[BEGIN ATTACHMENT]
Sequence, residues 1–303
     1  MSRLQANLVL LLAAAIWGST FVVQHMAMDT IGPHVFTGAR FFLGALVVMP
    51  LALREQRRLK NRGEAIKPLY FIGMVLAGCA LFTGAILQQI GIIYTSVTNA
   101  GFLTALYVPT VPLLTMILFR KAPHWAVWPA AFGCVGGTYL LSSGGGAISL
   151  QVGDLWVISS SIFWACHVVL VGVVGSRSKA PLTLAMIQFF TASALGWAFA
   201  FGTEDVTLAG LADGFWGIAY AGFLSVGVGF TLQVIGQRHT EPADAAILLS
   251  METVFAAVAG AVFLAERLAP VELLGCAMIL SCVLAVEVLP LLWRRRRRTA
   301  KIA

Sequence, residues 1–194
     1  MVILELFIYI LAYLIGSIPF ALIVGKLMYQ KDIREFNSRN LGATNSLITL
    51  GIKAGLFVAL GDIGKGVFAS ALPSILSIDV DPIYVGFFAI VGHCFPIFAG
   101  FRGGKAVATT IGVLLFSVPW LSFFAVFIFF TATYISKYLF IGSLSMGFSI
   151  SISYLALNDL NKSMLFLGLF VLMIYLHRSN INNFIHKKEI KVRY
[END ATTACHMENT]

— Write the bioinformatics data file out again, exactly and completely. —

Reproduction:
Sequence, residues 1–303
     1  MSRLQANLVL LLAAAIWGST FVVQHMAMDT IGPHVFTGAR FFLGALVVMP
    51  LALREQRRLK NRGEAIKPLY FIGMVLAGCA LFTGAILQQI GIIYTSVTNA
   101  GFLTALYVPT VPLLTMILFR KAPHWAVWPA AFGCVGGTYL LSSGGGAISL
   151  QVGDLWVISS SIFWACHVVL VGVVGSRSKA PLTLAMIQFF TASALGWAFA
   201  FGTEDVTLAG LADGFWGIAY AGFLSVGVGF TLQVIGQRHT EPADAAILLS
   251  METVFAAVAG AVFLAERLAP VELLGCAMIL SCVLAVEVLP LLWRRRRRTA
   301  KIA

Sequence, residues 1–194
     1  MVILELFIYI LAYLIGSIPF ALIVGKLMYQ KDIREFNSRN LGATNSLITL
    51  GIKAGLFVAL GDIGKGVFAS ALPSILSIDV DPIYVGFFAI VGHCFPIFAG
   101  FRGGKAVATT IGVLLFSVPW LSFFAVFIFF TATYISKYLF IGSLSMGFSI
   151  SISYLALNDL NKSMLFLGLF VLMIYLHRSN INNFIHKKEI KVRY